Some hairstyles are timeless; others come and go faster than half-price electronics on black Friday. Every decade has had its hairstyle highs and lows. When it comes to the 80s, there were some truly awesome hairdos that, thankfully, stayed in the 80s. The mullet, for example. However, despite being 2016, there are (unfortunately) a few devoted mullet-wearers still at large. The point is, some things just need periodic updates.
Perhaps that’s why, back in April of this year, the Federal Financial Institutions Examinations Council agencies proposed revisions to the Uniform Interagency Consumer Compliance Rating System. Like the mullet, the Consumer Compliance rating system was implemented back in ’80s. We’re talking before Dodd-Frank, before widespread use of the Internet, and before interstate banking entered the scene. We might say an update is long overdue.
New Rating System
The FFIEC designed the new system to focus more of its efforts on risk-based evaluations, and reflect the consumer compliance supervisory approaches that are currently in place. While drafting the proposal, the FFIEC wanted to create a one-size-fits-all system that could be adapted to any financial institution when evaluating its compliance management system (CMS). In the definitions section of the new system, the agencies instruct examiners to consider an institution’s CMS through the lens of the institution’s size, complexity, and risk profile.
Furthermore, the agencies proposed these changes to the rating system in order to “encourage coordination, communication, and consistency” between agencies, and to support a transparent and actionable rating system that rewards compliance.
All of that sounds great, but how effectively would the changes accomplish the FFIEC’s objectives? Let’s take a closer look.
The system has three main categories: “Board and Management Oversight,” “Compliance Program,” and “Violations of Law and Consumer Harm.” Each category splits into four smaller sections, and each section receives a rating on a scale from one to five. As has been the case, “one” represents the lowest level of supervisory concern, while “five” represents the highest. A rating of “one” or “two” is considered satisfactory, while ratings of “three,” “four,” or “five,” are less than satisfactory.
Board and Management Oversight
The Board and Management Oversight category requires examiners to look closely at:
- Board and management oversight and commitment to compliance
- How well the institutions manage changes in the legal and regulatory environment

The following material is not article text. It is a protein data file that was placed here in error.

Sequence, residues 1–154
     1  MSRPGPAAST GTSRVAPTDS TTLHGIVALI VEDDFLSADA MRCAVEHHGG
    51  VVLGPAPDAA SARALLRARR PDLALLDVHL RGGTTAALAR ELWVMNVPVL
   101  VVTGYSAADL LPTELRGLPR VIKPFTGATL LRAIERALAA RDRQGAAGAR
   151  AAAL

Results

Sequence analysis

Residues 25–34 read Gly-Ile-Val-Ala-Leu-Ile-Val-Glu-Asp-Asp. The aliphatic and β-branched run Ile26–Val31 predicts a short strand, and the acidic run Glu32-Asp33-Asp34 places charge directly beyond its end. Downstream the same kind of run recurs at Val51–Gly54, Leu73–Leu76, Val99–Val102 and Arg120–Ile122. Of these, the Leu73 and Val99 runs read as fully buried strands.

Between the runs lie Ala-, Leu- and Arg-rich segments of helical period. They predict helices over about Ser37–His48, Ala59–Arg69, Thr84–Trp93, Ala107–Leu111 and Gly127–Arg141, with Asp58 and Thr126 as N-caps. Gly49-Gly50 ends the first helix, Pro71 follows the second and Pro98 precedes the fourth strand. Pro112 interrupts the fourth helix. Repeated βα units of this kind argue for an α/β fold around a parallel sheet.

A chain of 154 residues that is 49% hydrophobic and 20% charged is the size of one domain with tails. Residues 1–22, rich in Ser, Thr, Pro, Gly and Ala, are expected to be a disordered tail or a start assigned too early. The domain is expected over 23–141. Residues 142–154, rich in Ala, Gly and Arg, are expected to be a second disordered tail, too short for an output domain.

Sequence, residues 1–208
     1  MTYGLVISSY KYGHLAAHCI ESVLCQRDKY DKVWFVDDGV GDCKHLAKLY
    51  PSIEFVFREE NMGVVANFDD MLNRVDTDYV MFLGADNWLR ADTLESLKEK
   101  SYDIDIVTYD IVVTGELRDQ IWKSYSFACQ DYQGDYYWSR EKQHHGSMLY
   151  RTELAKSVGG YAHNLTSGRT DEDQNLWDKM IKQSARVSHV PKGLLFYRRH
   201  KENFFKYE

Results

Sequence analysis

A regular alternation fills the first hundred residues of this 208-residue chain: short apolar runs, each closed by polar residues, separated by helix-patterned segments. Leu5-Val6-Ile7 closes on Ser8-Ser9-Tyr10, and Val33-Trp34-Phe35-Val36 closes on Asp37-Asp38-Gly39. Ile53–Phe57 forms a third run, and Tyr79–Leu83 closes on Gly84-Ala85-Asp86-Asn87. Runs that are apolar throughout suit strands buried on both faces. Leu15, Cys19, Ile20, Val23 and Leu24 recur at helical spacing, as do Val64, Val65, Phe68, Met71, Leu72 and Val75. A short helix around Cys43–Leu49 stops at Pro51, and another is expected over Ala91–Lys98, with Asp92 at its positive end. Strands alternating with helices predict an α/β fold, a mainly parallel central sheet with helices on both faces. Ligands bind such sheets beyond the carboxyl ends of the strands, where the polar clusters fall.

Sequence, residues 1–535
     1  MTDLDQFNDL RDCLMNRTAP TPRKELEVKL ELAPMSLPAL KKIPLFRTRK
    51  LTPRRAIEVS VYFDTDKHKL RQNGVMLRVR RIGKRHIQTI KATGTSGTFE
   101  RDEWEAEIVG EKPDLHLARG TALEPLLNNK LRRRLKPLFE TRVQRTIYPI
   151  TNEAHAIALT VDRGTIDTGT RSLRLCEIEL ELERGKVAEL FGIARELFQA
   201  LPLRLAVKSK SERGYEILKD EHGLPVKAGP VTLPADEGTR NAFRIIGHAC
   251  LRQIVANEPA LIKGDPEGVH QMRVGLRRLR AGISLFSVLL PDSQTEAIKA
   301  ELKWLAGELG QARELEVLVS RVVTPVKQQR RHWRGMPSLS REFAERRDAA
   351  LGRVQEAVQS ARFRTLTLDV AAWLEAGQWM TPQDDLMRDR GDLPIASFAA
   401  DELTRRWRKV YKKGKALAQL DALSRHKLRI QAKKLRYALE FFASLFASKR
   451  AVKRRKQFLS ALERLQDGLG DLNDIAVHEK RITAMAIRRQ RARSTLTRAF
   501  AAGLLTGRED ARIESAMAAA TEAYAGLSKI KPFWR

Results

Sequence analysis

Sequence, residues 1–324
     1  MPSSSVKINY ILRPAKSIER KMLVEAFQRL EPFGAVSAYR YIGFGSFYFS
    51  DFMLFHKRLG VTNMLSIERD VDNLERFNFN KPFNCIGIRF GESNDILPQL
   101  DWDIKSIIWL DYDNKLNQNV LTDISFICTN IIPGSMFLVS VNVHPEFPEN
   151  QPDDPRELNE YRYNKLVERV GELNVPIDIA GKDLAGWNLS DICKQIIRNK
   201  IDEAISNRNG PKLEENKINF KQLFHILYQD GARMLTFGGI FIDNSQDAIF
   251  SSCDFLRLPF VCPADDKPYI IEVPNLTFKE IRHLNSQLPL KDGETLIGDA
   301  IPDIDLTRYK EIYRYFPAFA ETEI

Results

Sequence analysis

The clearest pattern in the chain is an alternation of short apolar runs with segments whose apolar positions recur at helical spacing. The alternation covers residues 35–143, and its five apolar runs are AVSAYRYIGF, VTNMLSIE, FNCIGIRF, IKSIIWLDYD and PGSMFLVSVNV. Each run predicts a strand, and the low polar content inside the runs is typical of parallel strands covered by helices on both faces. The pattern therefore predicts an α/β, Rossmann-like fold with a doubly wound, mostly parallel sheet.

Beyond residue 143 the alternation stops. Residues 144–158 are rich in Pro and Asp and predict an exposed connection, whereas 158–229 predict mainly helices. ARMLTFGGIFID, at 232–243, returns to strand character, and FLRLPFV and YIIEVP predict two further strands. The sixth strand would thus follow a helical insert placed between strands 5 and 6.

- Whether or not institutions can effectively comprehend, identify, and manage risk within their institution
- How proactive institutions’ corrective action and self-identification procedures are.
The Compliance Program category evaluates how well a financial institution has organized its:
- policies, procedures, and third-party relationships
- compliance training
- monitoring and/or auditing processes
- process for responding to consumer complaints.
Violations of Law and Consumer Harm
The last category, Violations of Law and Consumer Harm, examines the root cause, severity, duration, and pervasiveness of any regulation violations the regulator may find within the financial institution.
Remember, the FFIEC highlighted its goal of creating a system with more actionable ratings. Yet a numerical value surely doesn’t give an institution a lot to go off of in terms of what, specifically, it needs to improve. It is hoped the examiners include an explanation along with that numerical value, so that the ratings truly do give financial institutions a starting place for improving their Compliance Management Systems.
On the plus side (theoretically, anyway), the FFIEC explicitly states that the proposed changes will not add any additional regulatory burden. Whether or not that will remain the case as the changes start to take effect is yet to be determined.
The thing about hairstyles is that something that looks good on one person will look terrible on another. Even though the FFIEC is hoping that the new system will be able to be adapted to any financial system, it’s a good idea to at least be aware of what modifications are being considered to make sure that they will fit your institution well and that you’re not caught off guard if senior management or the board ask you about what changes may be heading our way.